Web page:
Chasing Ladies on Coyote Ridge

April 19, 2011 § Leave a comment

Christal sexing the butterfly

As you know, I chase butterflies. Mostly its been larva (these little black caterpillars that have the slightest of orange spots and are very difficult to spot) at Coyote Ridge, Santa Clara county.  Sometimes you can spend a whole day looking for the little guys and well, that’s your day.  In good years, like this year, we’ve found many “mini-cats” on the cool slopes of Coyote Ridge.

Peak bloom for Coyote Ridge - I dare you try to point out a non-native in this photo?!

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Fear, Restoration, and the Release of the Art of Photography

March 14, 2011 § Leave a comment

Top of the world at Yosemite NP

I was fortunate to share my dining room with Rich Walkling on Monday this past week.  Rich is an accomplished restoration ecologist, currently working at Restoration Design Group in Berkeley.  He and I have continued to bump into each other over the years, sharing similar interests and motivations in life.

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Meandering Back to the Place We Were Before

March 7, 2011 § 1 Comment

Restored creek channel with a fish ladder for local trout


Cordonices Creek straddles the border between Berkeley and Albany.  Flowing downward from the Berkeley Hills into the Bay, the creek is a prominent fixture of the “flatlands” landscape of the East Bay.  You can see it’s meanders and curves which were once confined to a concrete lined linear flood control channel.  Now, Cordonices is a creek again.

Ohlone interpretive sign

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Restoring the Bay Checkerspot back home to Edgewood Park, San Mateo County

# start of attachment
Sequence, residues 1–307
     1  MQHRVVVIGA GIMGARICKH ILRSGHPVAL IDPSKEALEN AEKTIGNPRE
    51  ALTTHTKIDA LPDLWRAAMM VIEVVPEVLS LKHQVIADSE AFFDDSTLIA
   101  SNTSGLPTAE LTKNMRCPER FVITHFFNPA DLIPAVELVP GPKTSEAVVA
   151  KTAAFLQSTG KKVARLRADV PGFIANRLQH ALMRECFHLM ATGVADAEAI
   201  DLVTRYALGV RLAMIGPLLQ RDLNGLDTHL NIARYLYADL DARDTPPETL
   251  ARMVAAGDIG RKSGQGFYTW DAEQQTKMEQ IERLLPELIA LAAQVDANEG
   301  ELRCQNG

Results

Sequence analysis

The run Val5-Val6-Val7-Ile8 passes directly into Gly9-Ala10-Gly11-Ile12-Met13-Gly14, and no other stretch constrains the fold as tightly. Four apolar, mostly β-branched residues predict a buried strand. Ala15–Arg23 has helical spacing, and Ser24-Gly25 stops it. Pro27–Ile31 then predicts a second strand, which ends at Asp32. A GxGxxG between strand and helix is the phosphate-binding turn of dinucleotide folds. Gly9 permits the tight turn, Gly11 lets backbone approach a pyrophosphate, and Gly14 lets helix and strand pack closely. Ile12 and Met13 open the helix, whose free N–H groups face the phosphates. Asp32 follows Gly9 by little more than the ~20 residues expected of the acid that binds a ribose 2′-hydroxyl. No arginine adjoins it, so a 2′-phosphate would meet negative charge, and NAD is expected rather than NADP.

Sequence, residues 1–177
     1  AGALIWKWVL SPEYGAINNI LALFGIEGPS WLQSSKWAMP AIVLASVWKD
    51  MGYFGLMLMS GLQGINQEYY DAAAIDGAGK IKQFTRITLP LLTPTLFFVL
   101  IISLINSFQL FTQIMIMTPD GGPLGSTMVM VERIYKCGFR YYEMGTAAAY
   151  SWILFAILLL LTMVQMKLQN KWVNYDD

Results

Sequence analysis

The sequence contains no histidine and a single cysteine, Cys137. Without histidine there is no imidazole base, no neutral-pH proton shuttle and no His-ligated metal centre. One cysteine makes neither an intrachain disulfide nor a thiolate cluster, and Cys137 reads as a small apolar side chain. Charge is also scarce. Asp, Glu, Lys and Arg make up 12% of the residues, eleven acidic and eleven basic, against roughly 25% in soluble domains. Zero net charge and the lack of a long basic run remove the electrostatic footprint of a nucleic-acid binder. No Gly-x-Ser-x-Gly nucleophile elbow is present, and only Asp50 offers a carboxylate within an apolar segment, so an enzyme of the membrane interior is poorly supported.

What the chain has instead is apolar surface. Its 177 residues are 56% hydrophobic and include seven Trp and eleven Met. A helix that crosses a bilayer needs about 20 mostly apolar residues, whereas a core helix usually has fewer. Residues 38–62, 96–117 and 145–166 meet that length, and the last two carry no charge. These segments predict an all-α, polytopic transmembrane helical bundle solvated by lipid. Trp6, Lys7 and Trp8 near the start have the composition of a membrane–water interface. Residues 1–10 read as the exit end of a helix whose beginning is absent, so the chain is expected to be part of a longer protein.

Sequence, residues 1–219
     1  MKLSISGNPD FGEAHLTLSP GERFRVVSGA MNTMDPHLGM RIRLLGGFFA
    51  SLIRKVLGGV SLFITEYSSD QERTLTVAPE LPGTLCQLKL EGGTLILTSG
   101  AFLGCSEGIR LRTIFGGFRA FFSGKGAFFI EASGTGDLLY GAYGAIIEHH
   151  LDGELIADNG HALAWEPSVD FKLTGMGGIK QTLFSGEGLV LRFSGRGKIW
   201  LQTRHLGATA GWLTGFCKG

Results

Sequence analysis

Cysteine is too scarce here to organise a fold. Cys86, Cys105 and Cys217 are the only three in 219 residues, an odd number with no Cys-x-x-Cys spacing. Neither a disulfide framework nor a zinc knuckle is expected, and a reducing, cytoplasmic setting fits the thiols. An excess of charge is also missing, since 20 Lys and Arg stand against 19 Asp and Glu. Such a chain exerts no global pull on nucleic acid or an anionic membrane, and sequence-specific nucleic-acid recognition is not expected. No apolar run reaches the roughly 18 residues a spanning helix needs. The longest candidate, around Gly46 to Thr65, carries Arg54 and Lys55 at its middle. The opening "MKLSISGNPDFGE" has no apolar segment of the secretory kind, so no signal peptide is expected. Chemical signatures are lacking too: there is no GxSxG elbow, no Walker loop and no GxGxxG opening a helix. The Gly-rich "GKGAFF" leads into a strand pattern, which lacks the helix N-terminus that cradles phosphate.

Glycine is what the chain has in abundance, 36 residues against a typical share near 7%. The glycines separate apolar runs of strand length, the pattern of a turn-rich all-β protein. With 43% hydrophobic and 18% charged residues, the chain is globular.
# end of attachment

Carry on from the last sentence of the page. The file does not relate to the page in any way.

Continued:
February 17, 2011 § 2 Comments

It’s been an amazing year for Bay Checkerspot Butterfly (BCB) larvae this year. Numbers have increased 5-fold, ten-fold, even 20-fold for some of our long term research plots.  After about a half dozen “down years”, it’s a welcome rebound.  This little federally threatened butterfly that takes to the skies mid to late March every year and then disappears for another 11 months has helped ecologists understand the interaction of this species with an soil environment that is increasingly saturated with nitrogen from automobile exhaust.

Jimmy showing off a larva for the camera

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Quiet times on the mountain

January 22, 2011 § Leave a comment

January fog on blue oaks

I was fortunate to get invited (ahem, I invited myself I guess) to a hike with two of the most notable, contemporary botanical explorers of the East Bay.  We headed out to Mt. Diablo State Park in Contra Costa County for which Barbara Ertter, and Diablo champion Mary Bowerman, have published a unique and informative flora.  Beyond just plant identification and simple cataloging, this book relates ecological studies, talks plant associations and offers tidbits of history and nuance.  Truly a classic, get it here.  I have a signed one with a personal note from Barbara, so I’m considering this means we’re friends 🙂